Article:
Published online by Cambridge University Press: 24 July 2017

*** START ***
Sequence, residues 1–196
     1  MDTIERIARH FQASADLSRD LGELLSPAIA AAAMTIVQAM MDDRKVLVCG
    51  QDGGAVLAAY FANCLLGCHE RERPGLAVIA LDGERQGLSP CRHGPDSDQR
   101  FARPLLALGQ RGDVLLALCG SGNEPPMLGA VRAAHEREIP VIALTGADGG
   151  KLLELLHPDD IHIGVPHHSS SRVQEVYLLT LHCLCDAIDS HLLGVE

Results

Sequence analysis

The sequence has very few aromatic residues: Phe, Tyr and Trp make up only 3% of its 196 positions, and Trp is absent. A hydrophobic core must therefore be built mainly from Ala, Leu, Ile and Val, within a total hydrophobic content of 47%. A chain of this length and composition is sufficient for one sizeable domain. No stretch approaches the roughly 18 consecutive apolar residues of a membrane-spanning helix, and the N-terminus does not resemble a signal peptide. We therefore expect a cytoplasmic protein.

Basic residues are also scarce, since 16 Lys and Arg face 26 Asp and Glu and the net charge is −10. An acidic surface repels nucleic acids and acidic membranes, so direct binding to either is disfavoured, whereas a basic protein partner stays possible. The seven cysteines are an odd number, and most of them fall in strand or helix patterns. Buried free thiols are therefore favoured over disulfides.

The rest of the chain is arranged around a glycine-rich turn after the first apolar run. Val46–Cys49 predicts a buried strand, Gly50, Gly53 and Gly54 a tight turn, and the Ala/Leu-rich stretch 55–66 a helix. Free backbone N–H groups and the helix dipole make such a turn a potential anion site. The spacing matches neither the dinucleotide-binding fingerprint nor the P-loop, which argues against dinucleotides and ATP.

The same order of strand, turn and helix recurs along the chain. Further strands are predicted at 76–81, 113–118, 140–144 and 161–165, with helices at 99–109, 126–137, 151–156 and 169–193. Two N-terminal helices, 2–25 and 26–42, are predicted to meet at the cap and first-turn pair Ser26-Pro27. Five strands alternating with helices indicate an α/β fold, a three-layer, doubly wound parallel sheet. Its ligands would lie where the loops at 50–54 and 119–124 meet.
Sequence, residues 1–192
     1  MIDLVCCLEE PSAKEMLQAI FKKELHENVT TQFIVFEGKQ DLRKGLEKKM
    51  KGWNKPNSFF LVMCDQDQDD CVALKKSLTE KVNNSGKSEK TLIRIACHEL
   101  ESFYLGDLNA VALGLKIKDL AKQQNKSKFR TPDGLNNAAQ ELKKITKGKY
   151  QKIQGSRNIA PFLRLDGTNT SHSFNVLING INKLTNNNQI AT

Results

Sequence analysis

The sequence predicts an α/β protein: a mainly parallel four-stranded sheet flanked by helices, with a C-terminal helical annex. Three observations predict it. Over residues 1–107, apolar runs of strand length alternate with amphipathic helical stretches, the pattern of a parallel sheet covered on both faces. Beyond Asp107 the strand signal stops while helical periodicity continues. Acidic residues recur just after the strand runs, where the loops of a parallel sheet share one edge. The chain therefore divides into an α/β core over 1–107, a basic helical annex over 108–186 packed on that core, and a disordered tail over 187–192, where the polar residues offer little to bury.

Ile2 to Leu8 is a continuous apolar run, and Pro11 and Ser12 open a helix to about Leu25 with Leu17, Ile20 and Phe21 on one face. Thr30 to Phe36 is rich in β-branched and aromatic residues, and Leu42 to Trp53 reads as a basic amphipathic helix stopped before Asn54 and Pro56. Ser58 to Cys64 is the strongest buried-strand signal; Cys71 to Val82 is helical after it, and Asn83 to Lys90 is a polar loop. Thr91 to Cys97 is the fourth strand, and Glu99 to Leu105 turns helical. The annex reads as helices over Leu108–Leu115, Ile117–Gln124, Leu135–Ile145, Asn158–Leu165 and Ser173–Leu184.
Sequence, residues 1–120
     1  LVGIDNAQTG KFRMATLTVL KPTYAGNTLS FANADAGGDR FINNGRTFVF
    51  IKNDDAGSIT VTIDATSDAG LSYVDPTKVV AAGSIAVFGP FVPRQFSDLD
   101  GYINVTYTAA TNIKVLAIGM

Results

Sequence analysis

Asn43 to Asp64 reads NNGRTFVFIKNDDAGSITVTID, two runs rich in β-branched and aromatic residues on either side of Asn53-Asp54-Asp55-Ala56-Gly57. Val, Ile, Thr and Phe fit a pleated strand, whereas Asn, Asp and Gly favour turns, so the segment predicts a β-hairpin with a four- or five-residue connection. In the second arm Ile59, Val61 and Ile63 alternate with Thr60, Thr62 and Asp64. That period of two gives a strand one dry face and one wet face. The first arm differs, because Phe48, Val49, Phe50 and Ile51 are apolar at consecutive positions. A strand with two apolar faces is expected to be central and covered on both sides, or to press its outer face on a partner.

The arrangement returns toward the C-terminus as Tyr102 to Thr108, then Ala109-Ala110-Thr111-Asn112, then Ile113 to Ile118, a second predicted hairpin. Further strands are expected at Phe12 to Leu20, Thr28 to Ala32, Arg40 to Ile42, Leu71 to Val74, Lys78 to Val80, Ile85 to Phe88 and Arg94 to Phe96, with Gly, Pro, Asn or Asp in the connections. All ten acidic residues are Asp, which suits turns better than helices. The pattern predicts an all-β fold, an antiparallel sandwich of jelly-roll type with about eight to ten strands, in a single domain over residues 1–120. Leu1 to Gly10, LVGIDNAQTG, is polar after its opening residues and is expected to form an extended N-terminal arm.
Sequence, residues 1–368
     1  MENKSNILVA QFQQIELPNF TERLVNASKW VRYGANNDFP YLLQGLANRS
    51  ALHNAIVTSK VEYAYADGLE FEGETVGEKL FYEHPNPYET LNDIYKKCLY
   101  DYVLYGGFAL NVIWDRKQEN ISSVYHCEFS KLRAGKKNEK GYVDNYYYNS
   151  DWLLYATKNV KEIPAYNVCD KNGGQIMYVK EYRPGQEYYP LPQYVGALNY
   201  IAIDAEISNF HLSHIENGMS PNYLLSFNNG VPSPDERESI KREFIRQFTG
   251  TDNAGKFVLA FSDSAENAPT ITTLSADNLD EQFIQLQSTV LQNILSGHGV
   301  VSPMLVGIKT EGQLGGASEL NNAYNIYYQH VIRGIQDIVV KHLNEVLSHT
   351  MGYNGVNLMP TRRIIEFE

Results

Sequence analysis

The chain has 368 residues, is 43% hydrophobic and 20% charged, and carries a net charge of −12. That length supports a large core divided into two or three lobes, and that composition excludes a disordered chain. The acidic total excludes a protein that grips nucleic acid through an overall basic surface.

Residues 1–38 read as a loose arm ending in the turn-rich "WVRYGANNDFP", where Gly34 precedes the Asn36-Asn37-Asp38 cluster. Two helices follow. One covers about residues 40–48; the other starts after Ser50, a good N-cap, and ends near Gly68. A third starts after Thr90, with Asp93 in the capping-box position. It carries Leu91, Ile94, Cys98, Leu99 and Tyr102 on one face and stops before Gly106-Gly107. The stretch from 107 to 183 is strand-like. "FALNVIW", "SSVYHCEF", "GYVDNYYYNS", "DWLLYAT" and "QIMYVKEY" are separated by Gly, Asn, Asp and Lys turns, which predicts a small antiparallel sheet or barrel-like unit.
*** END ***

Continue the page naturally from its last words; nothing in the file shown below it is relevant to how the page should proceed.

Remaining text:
The Hell Gap National Historic Landmark, located on the northwestern plains of Wyoming, is one of the most important Paleoindian archaeological sites in North America because it contains a stratified sequence of occupations spanning nearly the entirety of the Paleoindian period. Although Hell Gap is central to archaeological knowledge concerning North American Paleoindian chronology, consistently assigning component ages has been problematic due to conflicting radiocarbon determinations from individual strata, stratigraphic age reversals in age-depth relationships, and other issues related to the stratified open campsite. Toward resolving the Hell Gap chronology, we devised a procedure for correcting age-depth relationships for incorporation in chronostratigraphic models and then used the Bayesian age-depth modeling qprocedures in Bchron to estimate the ages of 11 stratified components present at Hell Gap Locality 1. We present these age estimates and discuss their significance to Paleoindian chronology. Notable aspects of our chronology include a revised age estimate for the Goshen complex, the identification of three Folsom components spanning the entirety of the Folsom temporal range, and relatively young age estimates for the Late Paleoindian Frederick/Lusk component(s) at Locality 1. More broadly, our study demonstrates a procedure for creating chronometric models of stratigraphically complicated open stratified sites of any type.